e, conj.and; (and) then or consequently; (if...,) then; while; but.
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engcont.e ng
Examples:
> Rehina thought herself to be a big girl because she was wearing a dress.
> I've finally gotten to study because Toki has left.
> Why do you ask me to give (someone) a message for you and then come yourself?
> After Toki worked in the garden, she washed her hands.
> Whereabouts have you been?
Proverbs:
> It's like the birth of a rat with one offspring per mother.
It's something that happens just once, something I put up with only once. According to this saying, the rat bears but one litter. Hence the application "once is enough" about an act that bears no repeating.
> He's like a good (lit. fast) top that steadies itself soon after touching the ground.
i.e. he understands or learns quickly. In Palau the top is spun in the air and dropped to the ground where it usually wobbles for a spell before it becomes "planted" or stable. The better the top, the less the wobble. A statement that is right to the point, or a decisive and good decision, is like a good top. The idiom may be applied to a person who is quick to get the point or learn a new skill.
> Exposing and concealing
The grass skirt in Palau consists of a front and back panel. While being worn, the strands of the skirt may become matted and tangled. To correct this, particularly when sitting down, the woman may run her fingers under and through her skirt, lifting and combing the strands. In so doing the woman affords the spectator a brief, erotic glimpse. The idiom may be applied in answer to a severe critic, asking the critic not to reveal all of the victim's failures. In a related sense, a family member may ask another not to make all of the family problems public.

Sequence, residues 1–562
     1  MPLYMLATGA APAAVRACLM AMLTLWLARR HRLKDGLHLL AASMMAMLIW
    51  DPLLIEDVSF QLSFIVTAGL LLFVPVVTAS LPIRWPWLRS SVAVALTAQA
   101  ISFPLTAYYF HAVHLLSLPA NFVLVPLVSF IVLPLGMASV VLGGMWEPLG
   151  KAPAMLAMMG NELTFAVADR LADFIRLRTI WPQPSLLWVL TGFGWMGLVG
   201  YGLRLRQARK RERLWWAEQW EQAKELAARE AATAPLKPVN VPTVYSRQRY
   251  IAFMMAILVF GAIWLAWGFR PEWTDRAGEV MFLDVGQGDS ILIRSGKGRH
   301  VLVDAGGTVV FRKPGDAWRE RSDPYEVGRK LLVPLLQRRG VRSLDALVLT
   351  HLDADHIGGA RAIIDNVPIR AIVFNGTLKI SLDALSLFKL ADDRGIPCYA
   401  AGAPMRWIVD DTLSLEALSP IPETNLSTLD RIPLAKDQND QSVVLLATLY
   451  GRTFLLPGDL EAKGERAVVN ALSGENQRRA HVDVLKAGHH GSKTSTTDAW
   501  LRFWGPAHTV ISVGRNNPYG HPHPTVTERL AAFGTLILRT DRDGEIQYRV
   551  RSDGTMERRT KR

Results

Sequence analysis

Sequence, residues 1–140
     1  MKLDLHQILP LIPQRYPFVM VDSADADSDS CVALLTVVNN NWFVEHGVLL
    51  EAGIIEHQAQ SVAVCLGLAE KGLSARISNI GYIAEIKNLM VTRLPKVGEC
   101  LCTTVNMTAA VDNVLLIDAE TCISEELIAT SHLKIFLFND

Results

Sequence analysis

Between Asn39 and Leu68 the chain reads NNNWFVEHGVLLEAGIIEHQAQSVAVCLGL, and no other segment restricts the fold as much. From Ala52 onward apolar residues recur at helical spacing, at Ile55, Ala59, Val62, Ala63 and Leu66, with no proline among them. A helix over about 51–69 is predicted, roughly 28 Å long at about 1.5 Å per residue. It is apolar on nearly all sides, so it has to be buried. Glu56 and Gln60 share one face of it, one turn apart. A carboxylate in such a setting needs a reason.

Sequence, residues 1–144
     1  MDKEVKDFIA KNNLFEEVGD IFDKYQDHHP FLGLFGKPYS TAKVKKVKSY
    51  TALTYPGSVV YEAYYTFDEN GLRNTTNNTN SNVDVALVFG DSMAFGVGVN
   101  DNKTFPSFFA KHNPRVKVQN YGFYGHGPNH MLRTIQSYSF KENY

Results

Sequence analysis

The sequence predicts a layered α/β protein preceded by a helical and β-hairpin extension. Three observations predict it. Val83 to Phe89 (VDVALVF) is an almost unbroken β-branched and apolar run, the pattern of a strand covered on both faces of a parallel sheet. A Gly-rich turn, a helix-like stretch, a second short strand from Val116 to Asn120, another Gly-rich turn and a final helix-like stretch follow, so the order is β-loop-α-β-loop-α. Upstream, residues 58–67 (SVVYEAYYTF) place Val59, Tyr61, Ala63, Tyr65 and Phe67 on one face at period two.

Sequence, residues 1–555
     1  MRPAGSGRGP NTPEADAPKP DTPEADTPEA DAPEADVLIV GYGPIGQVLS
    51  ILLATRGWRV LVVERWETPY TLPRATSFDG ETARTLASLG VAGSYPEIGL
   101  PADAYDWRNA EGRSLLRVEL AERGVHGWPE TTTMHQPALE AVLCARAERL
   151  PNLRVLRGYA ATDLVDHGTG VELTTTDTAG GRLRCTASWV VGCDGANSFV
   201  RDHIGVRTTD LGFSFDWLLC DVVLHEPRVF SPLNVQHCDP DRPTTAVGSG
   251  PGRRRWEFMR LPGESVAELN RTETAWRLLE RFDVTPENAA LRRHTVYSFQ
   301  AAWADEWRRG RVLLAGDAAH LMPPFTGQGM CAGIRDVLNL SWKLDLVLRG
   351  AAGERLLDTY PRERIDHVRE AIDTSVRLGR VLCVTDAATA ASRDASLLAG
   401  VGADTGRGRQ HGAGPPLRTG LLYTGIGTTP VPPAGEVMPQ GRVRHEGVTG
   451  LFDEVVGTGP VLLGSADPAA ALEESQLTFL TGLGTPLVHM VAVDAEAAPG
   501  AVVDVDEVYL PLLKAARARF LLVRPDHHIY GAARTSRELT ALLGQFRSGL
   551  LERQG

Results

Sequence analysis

> It's like the way they eat in Ngeraus (where food is scarce): as soon as they get to like or enjoy the food, it's gone.
Just as something becomes popular, it becomes unavailable. Ngerraus is a small village in Ngchesar (central Palau). The idiom suggests a person who begins to feel hungry just as the food runs out. The reference is to the meager food resources of a small village. In contemporary Palau the idiom may be applied to some popular import that soon disappears from the shelves of the stores.
> Even though we fix our own betel-nut, we get burned.
Chemachel is a "betelnut package" consisting of the seeded nut, the pepper leaf (kebui), and the lime (chaus). By applying too much lime to a "package" it is possible to burn one's mouth. Although this is sometimes done among young people to signal another secretly of sexual attraction, typically it happens accidentally. The idiom implies that everyone makes mistakes; it can't be helped. No matter how careful we are, we sometimes fail; we shouldn't be too sure or overconfident in ourselves.
More Examples:
> When you want to come to my house, call first.
> The bamboo bench under the mango tree is shaded and breezy.
> Put your things on the bench and rest yourself.
> I like watching baseball, what about you?
> We went fishing last night and had large catch.

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